49 Bruce Feustel, Senior Legislative Attorney, responded to the request, stating:

 

You asked for a draft to require the forfeiture of a weapon after a person has been convicted of the crime of carrying a concealed weapon. I mentioned that I thought we had a statutory requirement that at least covered firearms. . . . The current applicable law is contained in s. 968.20(1m)(b) . . . This brings up 2 questions. First, does "going armed" with a concealed and dangerous weapon (as required in s. 941.23) meet the standard of "a crime involving the use of a firearm?" From a common sense reading, "going armed" involves a type of use of a weapon. . . . You may want to go over this statute with the person who raised this problem. If this existing statute is fine as is, then we don't need to make any changes. . . . We could draft a specific statute dealing only with the crime of carrying a concealed weapon. If the problem involves the word "use" in s. 968.20(1m)(b), we could change the wording to be "use, carry or possess" instead.

Legislative Reference Bureau Drafting File for 1995 Wis. Act 157, memo from Bruce Feustel to Representative John Dobyns (Dec. 16, 1994).

50 Representative Dobyns, in turn, replied that the problem he had in mind did not involve firearms. The "problem was occurring where the confiscated weapons were knives, throwing stars, etc.items that were weapons but not firearms. Revise restriction on firearms in 968.20(1m)(b) broaden to weapons." Legislative Reference Bureau Drafting File for 1995 Wis. Act 157, memo from Representative John Dobyns to Bruce Feustel, Senior Legislative Attorney (December 20, 1994).

51 Hence, the bill ultimately drafted simply expanded the scope of ァ 968.20(1m)(b) from "firearms and ammunition" to all "dangerous weapons and ammunition." The LRB analysis of the Dobyns bill reads in part:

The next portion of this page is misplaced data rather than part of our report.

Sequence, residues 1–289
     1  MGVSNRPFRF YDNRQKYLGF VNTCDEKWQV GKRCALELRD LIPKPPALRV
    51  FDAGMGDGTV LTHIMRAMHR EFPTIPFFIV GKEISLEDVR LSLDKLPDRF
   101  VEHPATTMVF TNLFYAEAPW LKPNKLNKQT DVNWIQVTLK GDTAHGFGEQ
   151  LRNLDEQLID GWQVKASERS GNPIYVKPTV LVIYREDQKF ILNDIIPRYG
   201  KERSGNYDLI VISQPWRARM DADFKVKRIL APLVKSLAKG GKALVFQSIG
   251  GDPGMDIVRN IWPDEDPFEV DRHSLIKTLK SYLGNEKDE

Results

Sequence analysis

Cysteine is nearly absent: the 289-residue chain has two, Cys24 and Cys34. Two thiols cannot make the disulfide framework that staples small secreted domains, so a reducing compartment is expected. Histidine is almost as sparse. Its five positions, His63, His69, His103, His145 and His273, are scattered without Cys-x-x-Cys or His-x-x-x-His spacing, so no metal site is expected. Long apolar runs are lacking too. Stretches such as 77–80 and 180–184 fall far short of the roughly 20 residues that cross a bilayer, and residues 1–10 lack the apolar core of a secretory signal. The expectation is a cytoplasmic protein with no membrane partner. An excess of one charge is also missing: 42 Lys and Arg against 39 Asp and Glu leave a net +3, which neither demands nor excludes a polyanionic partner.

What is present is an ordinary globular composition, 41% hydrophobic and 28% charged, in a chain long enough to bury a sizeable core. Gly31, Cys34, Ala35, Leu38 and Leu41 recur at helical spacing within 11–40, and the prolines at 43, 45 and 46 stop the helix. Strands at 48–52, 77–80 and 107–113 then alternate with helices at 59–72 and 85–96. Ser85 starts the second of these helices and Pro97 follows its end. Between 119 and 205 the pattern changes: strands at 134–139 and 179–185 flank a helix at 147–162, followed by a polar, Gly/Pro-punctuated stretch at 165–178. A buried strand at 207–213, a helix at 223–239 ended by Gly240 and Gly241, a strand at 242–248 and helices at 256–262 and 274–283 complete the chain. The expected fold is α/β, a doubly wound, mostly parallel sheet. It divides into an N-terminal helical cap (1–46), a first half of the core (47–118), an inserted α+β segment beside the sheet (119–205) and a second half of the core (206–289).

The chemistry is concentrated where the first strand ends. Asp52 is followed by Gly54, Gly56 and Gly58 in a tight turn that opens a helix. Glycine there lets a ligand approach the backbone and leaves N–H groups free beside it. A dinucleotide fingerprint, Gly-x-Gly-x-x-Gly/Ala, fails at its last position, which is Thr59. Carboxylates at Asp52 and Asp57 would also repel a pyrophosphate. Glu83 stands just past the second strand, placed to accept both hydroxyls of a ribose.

Current law also includes a specific provision stating that a seized firearm may not be returned to a person who committed a crime with the firearm. This bill broadens the restriction to prohibit the return of any dangerous weapon that a person used in connection with a crime. Further, all of the current provisions for the retention or destruction of seized firearms are made applicable to seized dangerous weapons.

Legislative Reference Bureau Drafting File for 1997 Wis. Act 157.

52 We conclude from this legislative history that 1983 Wis. Act 278, which prohibited the return of a firearm seized from persons who "committed a crime involving the 'use' of the firearm," reflected a serious legislative concern with firearms involved in the commission of a crime. The intention then and the intention confirmed in 1994-1995 was that a dangerous weapon seized in a carrying a concealed and dangerous weapon conviction should not be returned.

 

C. Purpose, Scope, and Context

 

53 We next examine the purpose, scope, and context of Wis. Stat. ァ 968.20(1m)(b), and find that they also support a determination that the statute prohibits the return of seized dangerous weapons to those who have committed the crime of carrying a concealed and dangerous weapon. The court of appeals has identified two purposes of ァ 968.20(1m)(b):

 

First it operates before the fact to deter persons from using firearms in the commission of crimes. Second, and most important, it minimizes the likelihood that a firearm which has been used in the commission of crime will find its way back into the hands of the criminal or into the hands of his or her associates who may likewise be inclined to criminal activity.

Williams, 148 Wis. 2d at 858.

54 The first purpose of the statute is deterrence, which is one of the principal objectives of the criminal law. The criminal code increases the penalty for an offender who commits a crime while possessing, using, or threatening to use a dangerous weapon. Wis. Stat. ァ 939.63. The increased penalty is intended to discourage the use of dangerous weapons in the commission of crimes by creating fear of additional punishment. Logically, the loss of dangerous weapons through forfeiture is also intended to deter the use of dangerous weapons in the commission of crimes. Conversely, the return of dangerous weapons to persons who have committed crimes with them undermines deterrence. If people understand the risk of forfeiture on top of criminal prosecution, they are more likely to comply with the law.